It was melodrama in its simplest, purest, shameless form and audiences loved it. Not only the suffering of the rich, but the manipulative, scheming ways of J.R. Ewing, as the show became a hit, he became the breakout character evolving quite nicely into arguably televisions greatest villain.

  Even though Brother Bobby made the perfect obstacle for J.R.’s schemes, Cliff Barnes was his true enemy. Seething with revenge and bitterness thanks to his father Digger Barnes, the torch carrier of the Barnes/Ewing feud, Cliff used every resource possible to avenge his drunkard father by trying to destroy the Ewings in the field of business and politics.
Both men went to great lengths to destroy the other. One J.R.’s first attempts to destroy Cliff began in the series second season when Cliff runs for State Office. J.R. illegally funnels money to his campaign, Daddy Jock was partially aware of this, and pulls all the money out at the last minute causing his opponent to win. Other acts of kindness; J.R. framed Cliff for murder after sleeping with his wife Sue Ellen causing him to question his son’s paternity. He also bugged Cliff’s office to get the upper hand on a hot business deal. One of J.R.’s “best schemes” was to entice Cliff with a phony deal, prompting him to embezzle money from his mother’s company, forcing her to fire him causing Cliff to attempt suicide. Cliff tried to get back at J.R. too; he once blackmailed his secretary for some industrial espionage of his own and by series end wound up with sole ownership of Ewing Oil.
In the early seasons, Cliff is portrayed as the righteous good guy, a symbol for the working class against the evil rich, but when he inherits his mother’s vast fortune he becomes just like JR, but is never comfortable with his status. J.R. lived and breathed rich, and was mostly honest about his dishonest behavior.
Cliff was the opposite, never completely comfortable in scheming and dealing, he often lied to those he cared about to get what he wanted coming off sleazy. JR did too, but at least it was expected of him and he made no pretense about his dishonesty and gave him a scoundrel charm. The series also was a comment on how to be rich and live rich.    Throughout the series Cliff had a reputation for being cheap and naive in contrast to J.R., who always dined in fine restaurants, wore a stylish Stetson, lived on South Fork and lavished his mistresses with generosity; Cliff often preferred take-out Chinese cuisine, wore cheap suits, lived in a condominium and assumed his romantic interests would clean his home. While J.R. was smooth talking and charismatic, Cliff tended to speak before he thought and frequently stuck his foot in his mouth.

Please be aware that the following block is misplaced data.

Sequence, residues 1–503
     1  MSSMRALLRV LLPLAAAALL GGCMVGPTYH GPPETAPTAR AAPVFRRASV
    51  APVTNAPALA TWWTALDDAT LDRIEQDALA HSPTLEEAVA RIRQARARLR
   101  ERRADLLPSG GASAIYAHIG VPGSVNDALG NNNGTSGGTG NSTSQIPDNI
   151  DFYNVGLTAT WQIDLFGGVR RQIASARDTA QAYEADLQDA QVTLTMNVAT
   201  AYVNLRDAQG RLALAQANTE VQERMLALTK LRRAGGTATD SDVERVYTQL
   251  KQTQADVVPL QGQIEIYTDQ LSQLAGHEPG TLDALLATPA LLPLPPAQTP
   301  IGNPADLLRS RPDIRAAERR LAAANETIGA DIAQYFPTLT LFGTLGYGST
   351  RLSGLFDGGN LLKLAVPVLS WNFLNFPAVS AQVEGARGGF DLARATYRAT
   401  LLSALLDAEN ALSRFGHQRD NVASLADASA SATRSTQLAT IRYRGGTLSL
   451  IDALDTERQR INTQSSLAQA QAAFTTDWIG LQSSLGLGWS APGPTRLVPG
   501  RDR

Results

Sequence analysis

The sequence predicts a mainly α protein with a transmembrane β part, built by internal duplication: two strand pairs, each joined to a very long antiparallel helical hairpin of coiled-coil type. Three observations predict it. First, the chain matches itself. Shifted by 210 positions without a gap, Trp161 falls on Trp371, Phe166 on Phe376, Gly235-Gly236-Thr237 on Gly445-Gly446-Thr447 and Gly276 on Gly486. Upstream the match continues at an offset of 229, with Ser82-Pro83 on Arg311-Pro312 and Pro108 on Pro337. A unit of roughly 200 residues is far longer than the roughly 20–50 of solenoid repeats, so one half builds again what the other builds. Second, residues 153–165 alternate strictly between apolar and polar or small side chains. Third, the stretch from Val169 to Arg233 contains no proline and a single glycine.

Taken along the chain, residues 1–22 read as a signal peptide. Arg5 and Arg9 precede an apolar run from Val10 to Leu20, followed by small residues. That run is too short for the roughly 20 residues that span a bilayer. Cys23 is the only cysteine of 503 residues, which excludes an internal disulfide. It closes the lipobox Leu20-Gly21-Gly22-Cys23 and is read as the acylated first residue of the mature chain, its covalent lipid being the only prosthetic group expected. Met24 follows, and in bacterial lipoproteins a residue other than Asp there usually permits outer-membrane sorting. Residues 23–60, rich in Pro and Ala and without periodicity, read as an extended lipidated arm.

Although it was fun to see J.R. occasionally bested by Cliff and whoever else, as a fan you couldn’t help but root for the guy to get back up and fight. When Cliff lied it was uncomfortable, when JR lied, it was illuminating.
J.R. Ewing was a liberating character to watch; shameless in his asshole behavior, he went completely around and came out on the other side. He was paradoxically likeable -yet wholly selfish, uncaring and mercenary in nature. He wasn’t totally evil, he stood by his family from outside attacks and truly believed what he did was for the good of the family, especially to get approval from his father, but he was who he was because of that- he lived and breathed the family business, oil and took anyone down that got in his way- including family members. He had no trouble telling middle brother Gary and half-brother Ray what he thought of them, which was not much.
His true ascension to evil prick began in the series third season when he mortgaged the family ranch, Southfork, to pay for some oil leases in southeast Asia unbeknownst to this parents, (who would never have approved). It was eventually discovered by his brother Bobby. A season earlier, as he was constantly trying to gain the upper hand, he blackmailed the son-in-law of the family lawyer to illegally obtain the document and allow him to read his Daddy’s will long before he was dead.

 

J.R.’s Best Moments…
He constantly tried to break up Bobby and Pam through various methods, once by photographing her with another woman to imply she’s a lesbian.

“Exactly!”

“Gee, I wonder why I liked this show so much” DUH!

“Sue Ellen as she is today! Not bad for an old broad!”

 

 

 

 

 

 

 

 

 

 

 

The first season cliffhanger had him “accidently” cause Pam to fall from a hay loft causing her to miscarry the Ewing’s first grandchild; although portrayed as totally unintentional, the results didn’t bother him one bit. He drills for oil on his family’s land, even though his mama strictly forbade it, he cheats on his wife constantly and has an on-going affair with his younger sister-in-law, Kristen, (Mary Crosby), who later tried to kill him with two gunshots to the gut. When he was not cheating on his wife, he was cheating business partners causing one to commit suicide and selling his banker worthless oil leases.